A brilliantly-executed retelling of BEOWULF from the point of view of the monster, Grendel, with a new introduction by Adam Roberts.
When Grendel is drawn up from the caves under the mere, where he lives with his bloated, inarticulate hag of a mother, into the fresh night air, it is to lay waste Hrothgar's meadhall and heap destruction on the humans he finds there. What else can he do? For he is not like the men who busy themselves with God and love and beauty. He sees the infuriating human rage for order and recognises the meaninglessness of his own existence.
GRENDEL is John Gardner's masterpiece; it vividly reinvents the world of Beowulf. In Grendel himself, a creature of grotesque comedy, pain and disillusioned intelligence, Gardner has created the most unforgettable monster in fantasy.
Few writers ever reach this level of greatness, It doesn't matter whether you think Grendel's about Anglo-Saxon warriors battling monsters or the collapse of superstition and the rise of capitalism, or both at once, this is mythic writing in every sense of those words. - SFX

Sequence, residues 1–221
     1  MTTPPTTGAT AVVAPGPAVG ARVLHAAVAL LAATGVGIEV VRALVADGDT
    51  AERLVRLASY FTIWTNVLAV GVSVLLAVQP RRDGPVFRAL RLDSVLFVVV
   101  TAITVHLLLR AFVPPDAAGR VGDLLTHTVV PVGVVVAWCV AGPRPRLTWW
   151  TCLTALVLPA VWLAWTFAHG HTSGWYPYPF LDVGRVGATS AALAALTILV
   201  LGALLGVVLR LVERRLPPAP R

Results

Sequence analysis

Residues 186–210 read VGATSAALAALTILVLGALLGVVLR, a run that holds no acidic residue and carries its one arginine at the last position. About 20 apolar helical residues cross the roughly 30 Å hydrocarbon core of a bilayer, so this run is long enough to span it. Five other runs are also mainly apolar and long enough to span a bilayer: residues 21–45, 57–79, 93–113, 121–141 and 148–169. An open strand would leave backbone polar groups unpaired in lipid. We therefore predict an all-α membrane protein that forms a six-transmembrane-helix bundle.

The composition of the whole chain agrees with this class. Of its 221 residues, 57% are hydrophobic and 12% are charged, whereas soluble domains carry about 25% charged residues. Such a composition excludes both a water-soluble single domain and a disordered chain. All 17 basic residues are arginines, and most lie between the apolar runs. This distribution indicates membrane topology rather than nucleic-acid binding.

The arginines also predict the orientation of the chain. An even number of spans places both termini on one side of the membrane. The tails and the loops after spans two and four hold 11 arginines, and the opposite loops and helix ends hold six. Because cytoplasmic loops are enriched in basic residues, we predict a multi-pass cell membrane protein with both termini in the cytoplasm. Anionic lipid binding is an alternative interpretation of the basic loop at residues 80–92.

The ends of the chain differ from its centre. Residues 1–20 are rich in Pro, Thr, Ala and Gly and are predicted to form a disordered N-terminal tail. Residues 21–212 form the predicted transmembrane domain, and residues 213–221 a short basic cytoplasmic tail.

This is a marvellous novel, absolutely marvellous: witty, intelligent, delightful, so totally a work of the imagination that it creates its own world while touching upon our memories of myth and verse, a celebration of what we most need in one of the greatest poetic myths we have. - Newsweek
No point in beating around the bush: John Gardner's third novel, GRENDEL, is an extraordinary achievement - New York Times
John Gardner (1933-1982)
John Gardner was born in Batavia, New York. His critically acclaimed books include the novels Grendel, The Sunlight Dialogues and October Light, for which he received the National Book Critics Circle Award, as well as several works of nonfiction and criticism such as On Becoming a Novelist. He was also a professor of medieval literature and a pioneering creative writing teacher whose students included Raymond Carver and Charles Johnson.